MICKEY HART: THE WIND OF DISTANT DRUMS

June 25, 2009 – 2:08 pm

After Jerry Garcia of The Grateful Dead died in 1995, the band’s drummer, Mickey Hart, went on to pursue an interesting musical career starting with the Mystery Box, his follow-up to the  critically-acclaimed Planet Drum album. The articulate and energetic Hart, who has written several books on the history and mythology of rhythm, spoke to Matthew Lewis while on tour in Park City, Utah. He was nearing the end of a 40-date concert tour, the so-called “Deadapalooza” extravaganza that also featured Dead guitarist Bob Weir’s group. This article was printed in BigO #129 (September 1996).

It’s been a year since Jerry Garcia died in 1995, but former Grateful Dead drummer Mickey Hart hasn’t missed a beat in building his solo career and championing a wide array of ethnic music. In June 1996, Hart released Mickey Hart’s Mystery Box on the Rykodisc label, a surprisingly accessible, pop-oriented follow-up to the 1991 Planet Drum, which won a Grammy award for Best World Music Album.

Mystery Box seems a surprising departure for you. How did you go from Planet Drum to Planet Pop?

Oh interesting that you perceive that. It’s really a logical extension from Planet Drum if you look at it with the right eyes. I’m using the engine of Planet Drum, the same great drummers, and I’ve the lyric content of (Grateful Dead lyricist) Robert Hunter.

I wanted to make songs out of it. It wasn’t the rhythmscape I was after, necessarily. I was after tune, percussion and chant, and I wound up with what you heard. I wasn’t really heading into a pop world, necessarily, although I knew that it would be more popular than Planet Drum, because it had words.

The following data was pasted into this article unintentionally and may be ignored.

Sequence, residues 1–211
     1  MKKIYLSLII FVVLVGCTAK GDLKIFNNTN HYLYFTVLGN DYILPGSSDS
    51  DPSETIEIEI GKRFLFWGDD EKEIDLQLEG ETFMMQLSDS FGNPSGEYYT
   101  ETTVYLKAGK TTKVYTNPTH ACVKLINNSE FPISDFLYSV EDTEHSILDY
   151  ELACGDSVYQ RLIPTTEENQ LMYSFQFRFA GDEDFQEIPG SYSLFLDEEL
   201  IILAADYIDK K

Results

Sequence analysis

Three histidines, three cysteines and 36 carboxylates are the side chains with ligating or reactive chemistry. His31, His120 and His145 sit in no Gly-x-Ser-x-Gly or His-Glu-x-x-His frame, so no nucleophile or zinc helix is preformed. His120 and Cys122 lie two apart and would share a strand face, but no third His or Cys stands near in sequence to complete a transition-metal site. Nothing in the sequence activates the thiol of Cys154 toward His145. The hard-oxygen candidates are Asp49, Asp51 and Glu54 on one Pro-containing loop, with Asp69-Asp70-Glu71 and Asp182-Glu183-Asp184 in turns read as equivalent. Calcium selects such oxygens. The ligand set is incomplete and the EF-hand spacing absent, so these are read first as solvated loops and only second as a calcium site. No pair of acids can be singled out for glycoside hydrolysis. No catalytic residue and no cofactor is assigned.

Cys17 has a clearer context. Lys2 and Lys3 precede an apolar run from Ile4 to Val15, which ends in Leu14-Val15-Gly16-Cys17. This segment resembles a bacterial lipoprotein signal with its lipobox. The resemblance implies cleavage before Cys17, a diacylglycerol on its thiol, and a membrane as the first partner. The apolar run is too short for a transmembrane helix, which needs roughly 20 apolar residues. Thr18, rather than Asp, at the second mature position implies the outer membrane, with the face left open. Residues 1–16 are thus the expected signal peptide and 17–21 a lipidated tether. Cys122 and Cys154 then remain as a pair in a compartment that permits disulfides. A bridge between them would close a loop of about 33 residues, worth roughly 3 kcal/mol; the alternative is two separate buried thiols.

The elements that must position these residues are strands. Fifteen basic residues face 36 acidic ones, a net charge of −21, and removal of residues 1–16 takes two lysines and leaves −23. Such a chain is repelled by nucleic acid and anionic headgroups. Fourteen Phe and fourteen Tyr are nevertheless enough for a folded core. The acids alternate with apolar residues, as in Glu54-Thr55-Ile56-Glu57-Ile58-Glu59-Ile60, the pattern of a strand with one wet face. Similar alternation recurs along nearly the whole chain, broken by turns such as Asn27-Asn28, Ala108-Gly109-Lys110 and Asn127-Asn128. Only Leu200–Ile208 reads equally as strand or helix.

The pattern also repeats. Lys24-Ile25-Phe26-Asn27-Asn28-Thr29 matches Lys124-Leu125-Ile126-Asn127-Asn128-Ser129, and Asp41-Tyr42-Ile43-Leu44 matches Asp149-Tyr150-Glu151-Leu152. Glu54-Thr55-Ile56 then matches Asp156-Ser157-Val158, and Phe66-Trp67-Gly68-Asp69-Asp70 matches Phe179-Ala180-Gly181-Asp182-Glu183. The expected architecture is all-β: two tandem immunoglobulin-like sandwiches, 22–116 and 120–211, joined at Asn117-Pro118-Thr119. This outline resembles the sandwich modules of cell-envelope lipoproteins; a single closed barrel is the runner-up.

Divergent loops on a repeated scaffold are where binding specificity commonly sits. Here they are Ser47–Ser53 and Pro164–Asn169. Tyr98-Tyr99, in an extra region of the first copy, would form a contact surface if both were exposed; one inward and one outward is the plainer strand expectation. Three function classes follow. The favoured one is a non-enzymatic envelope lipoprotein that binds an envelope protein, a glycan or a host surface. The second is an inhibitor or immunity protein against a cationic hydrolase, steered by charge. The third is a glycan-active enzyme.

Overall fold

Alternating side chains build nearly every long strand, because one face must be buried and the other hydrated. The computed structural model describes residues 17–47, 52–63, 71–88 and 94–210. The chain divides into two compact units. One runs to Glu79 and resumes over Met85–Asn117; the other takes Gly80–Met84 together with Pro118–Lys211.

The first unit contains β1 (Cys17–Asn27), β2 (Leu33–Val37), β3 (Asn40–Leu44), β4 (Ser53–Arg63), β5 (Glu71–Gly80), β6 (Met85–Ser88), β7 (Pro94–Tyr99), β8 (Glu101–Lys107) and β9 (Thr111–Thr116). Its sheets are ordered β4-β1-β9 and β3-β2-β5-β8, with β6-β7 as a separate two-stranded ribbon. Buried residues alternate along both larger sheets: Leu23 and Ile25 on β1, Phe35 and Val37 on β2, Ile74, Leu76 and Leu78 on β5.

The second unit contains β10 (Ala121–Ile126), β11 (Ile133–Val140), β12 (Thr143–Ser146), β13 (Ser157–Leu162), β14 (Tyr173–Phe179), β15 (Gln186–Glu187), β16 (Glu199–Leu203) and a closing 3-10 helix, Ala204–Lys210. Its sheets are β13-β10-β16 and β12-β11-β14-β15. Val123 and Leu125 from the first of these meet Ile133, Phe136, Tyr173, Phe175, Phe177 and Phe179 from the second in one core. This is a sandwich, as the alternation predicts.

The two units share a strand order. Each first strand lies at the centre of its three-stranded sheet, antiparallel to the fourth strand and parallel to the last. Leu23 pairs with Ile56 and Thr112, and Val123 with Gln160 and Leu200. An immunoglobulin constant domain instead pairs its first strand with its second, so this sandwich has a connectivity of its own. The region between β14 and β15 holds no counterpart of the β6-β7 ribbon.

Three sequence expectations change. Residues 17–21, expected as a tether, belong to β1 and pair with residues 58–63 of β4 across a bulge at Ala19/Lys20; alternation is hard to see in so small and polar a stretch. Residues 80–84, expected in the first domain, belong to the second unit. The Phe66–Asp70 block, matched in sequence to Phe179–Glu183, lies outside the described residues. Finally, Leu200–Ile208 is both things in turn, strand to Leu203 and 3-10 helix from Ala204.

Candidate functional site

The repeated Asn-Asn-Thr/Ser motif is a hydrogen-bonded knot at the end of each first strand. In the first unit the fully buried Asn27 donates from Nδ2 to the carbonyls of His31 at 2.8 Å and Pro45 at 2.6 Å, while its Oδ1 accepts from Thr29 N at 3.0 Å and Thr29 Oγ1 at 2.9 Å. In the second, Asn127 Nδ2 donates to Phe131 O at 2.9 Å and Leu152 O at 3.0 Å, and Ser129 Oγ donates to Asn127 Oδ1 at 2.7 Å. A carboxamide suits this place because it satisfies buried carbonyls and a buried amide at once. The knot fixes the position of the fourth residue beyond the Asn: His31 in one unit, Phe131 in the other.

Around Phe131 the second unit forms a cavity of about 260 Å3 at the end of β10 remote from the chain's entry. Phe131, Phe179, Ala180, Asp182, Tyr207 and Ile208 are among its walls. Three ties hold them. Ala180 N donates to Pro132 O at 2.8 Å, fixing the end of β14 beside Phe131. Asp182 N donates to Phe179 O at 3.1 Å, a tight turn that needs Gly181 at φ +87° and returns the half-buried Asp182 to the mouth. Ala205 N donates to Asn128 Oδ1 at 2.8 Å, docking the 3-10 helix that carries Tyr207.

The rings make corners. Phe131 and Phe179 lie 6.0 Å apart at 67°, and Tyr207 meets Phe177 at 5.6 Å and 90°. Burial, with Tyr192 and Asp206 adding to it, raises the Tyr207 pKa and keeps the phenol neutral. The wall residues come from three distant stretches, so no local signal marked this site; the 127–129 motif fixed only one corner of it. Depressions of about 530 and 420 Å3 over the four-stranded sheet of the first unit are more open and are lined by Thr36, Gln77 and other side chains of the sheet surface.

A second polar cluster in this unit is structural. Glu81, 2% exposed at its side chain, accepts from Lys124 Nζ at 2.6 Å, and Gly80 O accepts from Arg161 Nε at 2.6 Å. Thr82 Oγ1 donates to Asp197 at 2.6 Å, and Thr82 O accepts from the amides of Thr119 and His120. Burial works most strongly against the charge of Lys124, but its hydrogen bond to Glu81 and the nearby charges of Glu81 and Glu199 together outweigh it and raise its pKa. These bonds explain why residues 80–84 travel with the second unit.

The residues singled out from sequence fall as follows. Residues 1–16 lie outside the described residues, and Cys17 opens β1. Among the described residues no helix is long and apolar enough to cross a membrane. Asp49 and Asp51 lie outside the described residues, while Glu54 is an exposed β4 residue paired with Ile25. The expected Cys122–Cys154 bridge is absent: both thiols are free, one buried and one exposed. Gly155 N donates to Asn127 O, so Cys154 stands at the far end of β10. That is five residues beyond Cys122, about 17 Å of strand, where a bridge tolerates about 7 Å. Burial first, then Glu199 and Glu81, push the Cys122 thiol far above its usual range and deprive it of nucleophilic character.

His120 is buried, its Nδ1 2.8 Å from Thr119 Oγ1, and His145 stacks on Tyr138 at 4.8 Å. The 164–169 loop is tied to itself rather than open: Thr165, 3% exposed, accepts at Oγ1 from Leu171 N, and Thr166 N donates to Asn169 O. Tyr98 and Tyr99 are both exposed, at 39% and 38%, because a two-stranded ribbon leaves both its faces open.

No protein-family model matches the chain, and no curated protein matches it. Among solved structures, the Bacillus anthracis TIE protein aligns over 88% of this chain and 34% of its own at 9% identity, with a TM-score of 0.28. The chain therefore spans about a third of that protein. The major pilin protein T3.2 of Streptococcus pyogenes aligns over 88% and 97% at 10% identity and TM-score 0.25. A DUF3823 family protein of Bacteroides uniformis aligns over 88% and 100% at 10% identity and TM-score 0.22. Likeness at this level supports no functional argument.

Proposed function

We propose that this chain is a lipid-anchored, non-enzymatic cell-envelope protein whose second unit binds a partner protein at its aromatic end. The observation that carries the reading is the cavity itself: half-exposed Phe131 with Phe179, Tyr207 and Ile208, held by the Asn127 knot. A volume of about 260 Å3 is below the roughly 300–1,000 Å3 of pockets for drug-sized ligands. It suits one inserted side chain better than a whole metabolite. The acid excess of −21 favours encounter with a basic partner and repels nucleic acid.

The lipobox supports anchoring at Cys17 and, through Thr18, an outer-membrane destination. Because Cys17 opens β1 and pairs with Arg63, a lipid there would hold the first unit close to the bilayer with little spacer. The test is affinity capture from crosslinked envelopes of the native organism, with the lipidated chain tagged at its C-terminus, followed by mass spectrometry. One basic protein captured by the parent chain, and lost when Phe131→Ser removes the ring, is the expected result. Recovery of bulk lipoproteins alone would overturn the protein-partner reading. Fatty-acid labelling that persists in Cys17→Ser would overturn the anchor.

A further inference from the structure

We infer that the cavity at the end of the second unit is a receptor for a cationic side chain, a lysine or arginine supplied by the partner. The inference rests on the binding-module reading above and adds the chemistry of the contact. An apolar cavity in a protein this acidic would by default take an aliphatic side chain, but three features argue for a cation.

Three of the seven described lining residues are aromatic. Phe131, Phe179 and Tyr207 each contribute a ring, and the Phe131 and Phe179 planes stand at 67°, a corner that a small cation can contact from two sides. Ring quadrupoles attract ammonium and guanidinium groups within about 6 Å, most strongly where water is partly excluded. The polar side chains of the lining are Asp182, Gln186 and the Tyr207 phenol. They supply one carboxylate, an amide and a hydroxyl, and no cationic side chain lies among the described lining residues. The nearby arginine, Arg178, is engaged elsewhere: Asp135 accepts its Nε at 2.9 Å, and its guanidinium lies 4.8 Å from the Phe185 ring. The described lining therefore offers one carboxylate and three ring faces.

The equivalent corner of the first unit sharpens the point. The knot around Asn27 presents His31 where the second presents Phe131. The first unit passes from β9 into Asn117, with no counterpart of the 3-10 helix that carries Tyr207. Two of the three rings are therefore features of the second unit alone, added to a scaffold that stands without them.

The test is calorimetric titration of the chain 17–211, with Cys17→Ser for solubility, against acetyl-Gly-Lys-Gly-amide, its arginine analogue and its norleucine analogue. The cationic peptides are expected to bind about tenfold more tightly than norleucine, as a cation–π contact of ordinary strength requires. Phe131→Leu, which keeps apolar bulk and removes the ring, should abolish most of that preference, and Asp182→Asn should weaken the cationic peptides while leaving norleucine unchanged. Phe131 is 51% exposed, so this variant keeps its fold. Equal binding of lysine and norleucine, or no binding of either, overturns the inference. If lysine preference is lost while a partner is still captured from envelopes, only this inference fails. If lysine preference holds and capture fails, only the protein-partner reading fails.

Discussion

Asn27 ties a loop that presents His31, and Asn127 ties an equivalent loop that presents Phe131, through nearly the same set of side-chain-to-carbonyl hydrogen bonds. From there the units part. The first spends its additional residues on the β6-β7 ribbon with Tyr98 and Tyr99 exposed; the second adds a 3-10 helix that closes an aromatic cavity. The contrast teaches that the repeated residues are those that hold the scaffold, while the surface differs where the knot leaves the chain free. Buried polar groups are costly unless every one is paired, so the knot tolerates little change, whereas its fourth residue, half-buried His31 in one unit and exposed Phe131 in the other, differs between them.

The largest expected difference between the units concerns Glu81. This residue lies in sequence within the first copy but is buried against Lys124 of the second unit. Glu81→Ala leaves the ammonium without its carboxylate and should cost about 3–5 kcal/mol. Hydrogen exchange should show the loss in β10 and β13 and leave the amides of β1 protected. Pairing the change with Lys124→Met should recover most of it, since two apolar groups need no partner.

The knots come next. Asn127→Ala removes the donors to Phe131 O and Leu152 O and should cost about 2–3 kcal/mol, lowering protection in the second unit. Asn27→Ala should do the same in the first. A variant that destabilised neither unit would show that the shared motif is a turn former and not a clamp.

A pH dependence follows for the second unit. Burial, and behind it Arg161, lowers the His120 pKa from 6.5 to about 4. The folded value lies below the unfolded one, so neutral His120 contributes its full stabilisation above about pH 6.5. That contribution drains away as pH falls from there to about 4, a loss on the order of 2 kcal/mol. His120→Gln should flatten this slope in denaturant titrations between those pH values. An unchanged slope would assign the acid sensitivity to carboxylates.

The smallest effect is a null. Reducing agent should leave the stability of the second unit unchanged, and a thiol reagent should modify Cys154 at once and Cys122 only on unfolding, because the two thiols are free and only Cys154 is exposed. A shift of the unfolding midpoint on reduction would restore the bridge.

My advance copy of the CD is short on credits. Did Hunter write all the lyrics?

Yes he did. That was a big part of all this. In all my Grateful Dead days I hadn’t written that many songs with Hunter. It was just one of those great moments where we could spit out 10 songs… I didn’t want to do another Planet Drum. I’d already done Planet Drum. I like new experiences every time I go out, fresh ideas. The imagination changes every day.

There’s no need to keep pumping out Planet Drums. All of us that did Planet Drum are out here having a blast, with six-part harmony over the top of this beautiful, sinuous rhythm. I mean, wow! We couldn’t resist that.

We’ve got (Puerto Rican) Giovanni Hidalgo, who is the master in the world of Latin percussion. And Zakir Hussain, the great maestro from North India, and Sikiru Adepoju from Nigeria. This is not a pickup band. This is sort of a percussion dream team. We wanted to come together and play songs for once. We thought, Geez, wouldn’t that be nice?

How did you hook up with The Mint Juleps (the female a cappella group that sings most of the songs)?

Interesting story. Actually (Jerry) Garcia led me to it. He had seen a Spike Lee video called Do It A Cappella, Spike had made about different a cappella groups around the world. I went and rented it, and there they were. I went to Europe to meet with them in London, by way of Jamaica. They didn’t sound like a generic Western backup group. They had the world’s influence. I liked their smooth style. Four of the six of them are sisters. They have that blend that only sisters can have.

One thing (the album) didn’t have, which I tried not to have any of, was guitars or other instruments clouding up the beautiful percussion. The lack of all that stuff was intended. I tried to do things with percussion that we would do with other instruments. That’s why the talking drum is like a lead guitar in this band.

How did you achieve the percussion sounds on this album?

I achieved them by going out into the zone and finding them. They were achieved by processing, mostly of acoustic sounds. I have a formidable percussion collection. In this collection, as we sample things or play things, I would process them. What you hear on most of this is not synthesizer sound, they’re processing of some kind of unusual percussive sound. That was part of the game, the composition. That was part of the beauty of this.

It wasn’t like you got it out of a bottle, or a number. It’s a custom job, if you will. A hot rod. I have my own studio. I can spend enormous hours in it. Whereas you couldn’t put in the time that it would take to do some things like this in a real studio, in a renter. So I was able to experiment, and find these gourmet percussive sounds.